Supporting Individuals with Attraction to Children: Professional Guidance and Resources

Disclosure of an attraction to children can often catch even the most experienced professionals off guard, however it’s important to stay calm and treat the individual as you would for any other difficult disclosure. Check out some tips below for how to navigate the situation professionally and with compassion.

How to Respond to Disclosures

For a lot of individuals, their therapist, case worker, or other health professional is likely to be the first person they have ever talked to about their attraction, and therefore the way you manage this situation is key to them reaching out for further help. Engaging with the individual who made this disclosure, without judgment for their attraction, as well as validating their concerns, allows that person to feel reassured. Because of this reassurance, they may be more likely to be receptive to further intervention or specialized treatment, if appropriate.

Suggested responses in a professional context to validate the disclosure and move the conversation forward could be something like: “Thank-you for feeling comfortable enough to share this, I know that it must be difficult to talk about” or “I can imagine this is difficult to talk about. What led you to decide to share this with me today?”

As part of the disclosure and ongoing discussion, you may also need to consider if there are any children in the person’s life who could be at risk for abuse or exploitation. This may not always be the case, as not everyone who harms a child sexually will have a sexual preference for children and not everyone with a sexual preference for children will cross boundaries with a child.

Reporting Guidelines

If someone has reported to you that they have an attraction to children and/or they have watched sexual abuse material (CSAM; often called child pornography), this does not fall within the duty to report or warn mandate for disclosure to law enforcement, or a child protection agency in Canada.

On the other hand, if an individual discloses having sexually abused an identifiable child and/or they are at risk of sexually abusing an identifiable child or group of children (including through the creation of child sexual abuse material), this may be grounds for breaching confidentiality. It is important to check your provincial legislation regarding duty to report , or consider consulting with your professional college, obtaining legal advice, or speak with fellow colleagues.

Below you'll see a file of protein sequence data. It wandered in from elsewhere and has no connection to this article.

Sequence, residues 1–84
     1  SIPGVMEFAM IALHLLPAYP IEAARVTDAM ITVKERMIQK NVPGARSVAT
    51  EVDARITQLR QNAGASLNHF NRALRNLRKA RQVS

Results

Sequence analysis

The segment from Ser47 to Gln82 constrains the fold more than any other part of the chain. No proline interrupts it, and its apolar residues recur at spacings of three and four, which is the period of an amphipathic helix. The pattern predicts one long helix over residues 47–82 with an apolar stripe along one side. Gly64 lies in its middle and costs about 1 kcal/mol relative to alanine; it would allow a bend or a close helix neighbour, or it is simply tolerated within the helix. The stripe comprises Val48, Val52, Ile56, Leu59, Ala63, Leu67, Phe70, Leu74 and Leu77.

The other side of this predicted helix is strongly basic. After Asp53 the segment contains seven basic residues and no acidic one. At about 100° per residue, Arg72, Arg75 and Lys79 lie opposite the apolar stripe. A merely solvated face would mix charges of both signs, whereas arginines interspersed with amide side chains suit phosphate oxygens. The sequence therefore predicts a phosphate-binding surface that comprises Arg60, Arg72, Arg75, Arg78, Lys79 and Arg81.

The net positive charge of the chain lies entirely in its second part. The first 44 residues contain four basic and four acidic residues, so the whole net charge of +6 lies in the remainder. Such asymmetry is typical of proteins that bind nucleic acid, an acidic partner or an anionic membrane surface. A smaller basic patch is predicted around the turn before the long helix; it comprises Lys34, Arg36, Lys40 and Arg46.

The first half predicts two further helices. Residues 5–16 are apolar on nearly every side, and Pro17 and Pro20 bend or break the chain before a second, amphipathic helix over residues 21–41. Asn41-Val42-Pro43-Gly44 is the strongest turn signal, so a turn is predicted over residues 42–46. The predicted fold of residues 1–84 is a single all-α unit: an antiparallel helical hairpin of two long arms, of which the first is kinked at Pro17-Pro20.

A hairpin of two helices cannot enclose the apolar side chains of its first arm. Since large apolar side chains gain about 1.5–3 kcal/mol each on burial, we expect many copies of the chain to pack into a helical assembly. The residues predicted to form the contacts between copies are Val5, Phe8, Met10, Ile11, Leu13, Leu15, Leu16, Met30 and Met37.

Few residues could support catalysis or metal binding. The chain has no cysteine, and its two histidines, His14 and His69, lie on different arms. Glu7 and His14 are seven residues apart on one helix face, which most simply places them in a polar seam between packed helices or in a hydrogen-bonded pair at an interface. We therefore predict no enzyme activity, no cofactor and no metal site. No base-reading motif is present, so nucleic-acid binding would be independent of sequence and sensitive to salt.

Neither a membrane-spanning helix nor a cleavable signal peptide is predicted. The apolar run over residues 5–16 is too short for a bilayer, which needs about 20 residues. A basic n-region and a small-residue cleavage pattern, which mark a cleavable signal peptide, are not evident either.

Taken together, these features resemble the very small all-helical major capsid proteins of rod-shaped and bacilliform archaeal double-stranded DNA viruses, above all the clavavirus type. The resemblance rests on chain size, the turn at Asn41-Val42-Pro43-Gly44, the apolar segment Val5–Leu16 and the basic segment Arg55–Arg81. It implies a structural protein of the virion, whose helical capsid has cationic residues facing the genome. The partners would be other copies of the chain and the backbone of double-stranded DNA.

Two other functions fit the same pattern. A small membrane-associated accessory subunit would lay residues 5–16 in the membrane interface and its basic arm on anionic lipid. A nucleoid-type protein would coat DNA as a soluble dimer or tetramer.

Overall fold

Supporting Individuals in Need

At Talking for Change, our service supports individuals with an attraction to children before any harm is caused to a child and before there are criminal charges or convictions. The earlier you are able to provide help or specialized treatment recommendations for individuals engaging in risky behaviours or who are feeling distressed about their attractions, the earlier intervention can happen to prevent child sexual abuse.

Talking for Change is not only here to support individuals who experience these unwanted sexual thoughts, we also support professionals and bystanders in navigating this subject. Taking time to educate yourself on this topic is important to support the individual with their attraction, so that they can feel more at ease to reach out for further support.

As experienced professionals working in this field, we understand it can be difficult to hear these disclosures. Our anonymous helpline and chatline is here to support professionals who want information about available resources through our program and throughout Canada. Alternatively, you can complete our online contact form and we will get back to you promptly with professional guidance.

If you are experiencing these struggles yourself, reach out to us on our anonymous chatline or helpline to talk to a professional, completely judgment free and with no obligation.